Two Rare Discoveries Are Evidence of the Original Return to Zion

In 586 BCE, Babylonia destroyed Jerusalem and sent most of its population into exile; 50 years later, Persia overran the Babylonian empire, and the Persian king, Cyrus the Great, allowed the exiled Jews to return to their homeland and rebuild their Temple. These events are narrated in the Hebrew Bible and attested by contemporaneous evidence, but the period between the Babylonian conquest and the fall of Persia to Alexander the Great around 333 BCE is, in the words of the Yiftaḥ Shalev of the Israel Antiquities Authority, “a black hole in archaeology.” But two items recently unearthed in Jerusalem may help to change that, writes Amanda Borschel-Dan:

The two recent discoveries in an ongoing excavation in the Givati parking lot—a clay “official” seal impression and a strange . . . pottery sherd seal with fake writing—help illuminate the enigma that is 6th-century-BCE Jerusalem history. There are only ten other similar artifacts discovered in Israel that date to the Persian period.

Whereas the seal impression is made in an official imperial style, perhaps depicting a god, the crude clay seal is locally made, presumably by an illiterate underling. Combined, said Shalev, the seal and seal impression illustrate all levels of officialdom in the reviving city. They indicate, he added, that after the Babylonian destruction of Jerusalem and the exile of the Jews, Jerusalemites were rebuilding the city, including its bureaucracy, as told in the Bible.

The clay seal was made from an eight-centimeter in diameter reused potsherd. Shalev called it a “strange item” and said it appears that someone took a piece of a broken vessel and reused it, while carving into it “curved figures” that were made to look like letters. He called the pseudo-epigraphic seal “a very unique item” that appears to have been “very local” in its make, as opposed to the official Babylonian-style impression.

Read more at Times of Israel

More about: Ancient Persia, Babylon, Hebrew Bible, Jerusalem


Hamas Has Its Own Day-After Plan

While Hamas’s leaders continue to reject the U.S.-backed ceasefire proposal, they have hardly been neglecting diplomacy. Ehud Yaari explains:

Over the past few weeks, Hamas leaders have been engaged in talks with other Palestinian factions and select Arab states to find a formula for postwar governance in the Gaza Strip. Held mainly in Qatar and Egypt, the negotiations have not matured into a clear plan so far, but some forms of cooperation are emerging on the ground in parts of the embattled enclave.

Hamas officials have informed their interlocutors that they are willing to support the formation of either a “technocratic government” or one composed of factions that agree to Palestinian “reconciliation.” They have also insisted that security issues not be part of this government’s authority. In other words, Hamas is happy to let others shoulder civil responsibilities while it focuses on rebuilding its armed networks behind the scenes.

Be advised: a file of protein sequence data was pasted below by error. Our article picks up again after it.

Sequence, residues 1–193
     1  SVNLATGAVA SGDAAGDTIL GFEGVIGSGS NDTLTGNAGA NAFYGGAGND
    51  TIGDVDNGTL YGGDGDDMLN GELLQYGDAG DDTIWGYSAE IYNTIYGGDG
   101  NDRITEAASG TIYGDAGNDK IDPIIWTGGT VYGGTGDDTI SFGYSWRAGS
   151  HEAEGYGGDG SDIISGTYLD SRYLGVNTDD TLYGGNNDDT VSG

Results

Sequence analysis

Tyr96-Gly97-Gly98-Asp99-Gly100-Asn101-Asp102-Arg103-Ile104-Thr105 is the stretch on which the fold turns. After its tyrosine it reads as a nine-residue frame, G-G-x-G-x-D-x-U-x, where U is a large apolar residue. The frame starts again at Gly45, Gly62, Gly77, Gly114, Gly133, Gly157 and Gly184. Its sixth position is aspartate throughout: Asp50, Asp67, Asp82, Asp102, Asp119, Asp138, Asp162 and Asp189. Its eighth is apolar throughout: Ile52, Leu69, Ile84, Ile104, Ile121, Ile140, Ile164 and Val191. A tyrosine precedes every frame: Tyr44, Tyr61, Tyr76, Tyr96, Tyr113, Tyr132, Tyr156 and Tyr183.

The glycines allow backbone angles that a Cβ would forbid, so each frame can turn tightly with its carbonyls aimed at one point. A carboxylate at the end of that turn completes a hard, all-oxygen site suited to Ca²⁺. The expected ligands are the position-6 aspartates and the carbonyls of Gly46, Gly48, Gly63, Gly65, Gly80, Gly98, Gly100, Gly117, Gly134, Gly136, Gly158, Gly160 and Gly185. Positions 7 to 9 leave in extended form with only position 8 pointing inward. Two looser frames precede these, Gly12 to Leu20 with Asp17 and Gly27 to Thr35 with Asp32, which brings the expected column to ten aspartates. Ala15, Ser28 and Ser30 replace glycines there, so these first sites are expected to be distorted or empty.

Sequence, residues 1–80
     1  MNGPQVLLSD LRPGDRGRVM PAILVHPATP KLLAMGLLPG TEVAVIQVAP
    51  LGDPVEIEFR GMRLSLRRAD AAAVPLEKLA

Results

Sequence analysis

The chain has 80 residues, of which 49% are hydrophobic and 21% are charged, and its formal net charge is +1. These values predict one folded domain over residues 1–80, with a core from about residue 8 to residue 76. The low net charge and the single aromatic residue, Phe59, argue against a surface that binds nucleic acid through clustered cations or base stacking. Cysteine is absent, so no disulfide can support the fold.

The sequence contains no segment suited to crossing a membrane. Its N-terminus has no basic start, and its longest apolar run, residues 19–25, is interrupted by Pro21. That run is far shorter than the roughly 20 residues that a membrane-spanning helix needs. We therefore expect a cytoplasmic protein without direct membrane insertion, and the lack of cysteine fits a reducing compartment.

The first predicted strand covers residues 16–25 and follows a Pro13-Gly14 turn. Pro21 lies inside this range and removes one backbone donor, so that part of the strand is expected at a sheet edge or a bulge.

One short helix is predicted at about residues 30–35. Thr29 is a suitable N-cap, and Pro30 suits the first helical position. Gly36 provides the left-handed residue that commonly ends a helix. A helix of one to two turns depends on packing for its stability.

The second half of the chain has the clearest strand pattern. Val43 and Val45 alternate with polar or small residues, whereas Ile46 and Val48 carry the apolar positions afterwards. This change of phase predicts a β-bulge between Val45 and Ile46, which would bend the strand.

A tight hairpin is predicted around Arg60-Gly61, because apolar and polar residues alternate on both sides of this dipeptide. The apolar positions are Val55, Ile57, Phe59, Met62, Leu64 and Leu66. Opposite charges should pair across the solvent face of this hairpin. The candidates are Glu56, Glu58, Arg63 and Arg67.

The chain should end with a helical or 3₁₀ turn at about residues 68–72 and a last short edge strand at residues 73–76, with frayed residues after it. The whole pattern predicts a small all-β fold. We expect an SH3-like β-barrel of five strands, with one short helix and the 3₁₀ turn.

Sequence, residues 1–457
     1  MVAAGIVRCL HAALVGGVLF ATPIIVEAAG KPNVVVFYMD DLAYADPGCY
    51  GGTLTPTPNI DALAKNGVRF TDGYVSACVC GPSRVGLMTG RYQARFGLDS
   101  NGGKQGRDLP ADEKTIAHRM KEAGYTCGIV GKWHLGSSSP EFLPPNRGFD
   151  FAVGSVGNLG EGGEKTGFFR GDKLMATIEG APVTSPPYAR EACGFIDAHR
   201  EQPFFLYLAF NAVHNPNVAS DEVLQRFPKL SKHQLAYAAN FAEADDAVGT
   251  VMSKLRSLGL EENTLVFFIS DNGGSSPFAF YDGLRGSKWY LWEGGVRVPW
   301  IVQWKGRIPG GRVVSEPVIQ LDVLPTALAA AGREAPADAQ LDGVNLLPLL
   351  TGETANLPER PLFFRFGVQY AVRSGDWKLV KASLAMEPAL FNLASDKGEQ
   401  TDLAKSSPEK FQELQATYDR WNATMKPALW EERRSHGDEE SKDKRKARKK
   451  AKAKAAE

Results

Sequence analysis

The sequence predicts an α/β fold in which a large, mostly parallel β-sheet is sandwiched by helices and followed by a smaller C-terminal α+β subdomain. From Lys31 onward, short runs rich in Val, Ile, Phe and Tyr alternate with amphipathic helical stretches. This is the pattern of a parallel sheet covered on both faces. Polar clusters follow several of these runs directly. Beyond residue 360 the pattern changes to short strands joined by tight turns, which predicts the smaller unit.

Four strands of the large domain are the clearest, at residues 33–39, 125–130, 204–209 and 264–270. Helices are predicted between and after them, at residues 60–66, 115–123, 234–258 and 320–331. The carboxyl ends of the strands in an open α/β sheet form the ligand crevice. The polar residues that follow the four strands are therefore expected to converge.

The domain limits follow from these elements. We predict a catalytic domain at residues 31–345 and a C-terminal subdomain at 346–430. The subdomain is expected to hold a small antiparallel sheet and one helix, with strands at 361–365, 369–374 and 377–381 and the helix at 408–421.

Among the possibilities Hamas is investigating is integration into the Palestinian Authority (PA), the very body that many experts in Israel and in the U.S. believe should take over Gaza after the war ends. The PA president Mahmoud Abbas has so far resisted any such proposals, but some of his comrades in the Palestine Liberation Organization (PLO) are less certain:

On June 12, several ex-PLO and PA officials held an unprecedented meeting in Ramallah and signed an initiative calling for the inclusion of additional factions, meaning Hamas. The PA security services had blocked previous attempts to arrange such meetings in the West Bank. . . . Hamas has already convinced certain smaller PLO factions to get on board with its postwar model.

With generous help from Qatar, Hamas also started a campaign in March asking unaffiliated Palestinian activists from Arab countries and the diaspora to press for a collaborative Hamas role in postwar Gaza. Their main idea for promoting this plan is to convene a “Palestinian National Congress” with hundreds of delegates. Preparatory meetings have already been held in Britain, Lebanon, Kuwait, and Qatar, and more are planned for the United States, Spain, Belgium, Australia, and France.

If the U.S. and other Western countries are serious about wishing to see Hamas defeated, and all the more so if they have any hopes for peace, they will have to convey to all involved that any association with the terrorist group will trigger ostracization and sanctions. That Hamas doesn’t already appear toxic to these various interlocutors is itself a sign of a serious failure.

Read more at Washington Institute for Near East Policy

More about: Gaza War 2023, Hamas, Palestinian Authority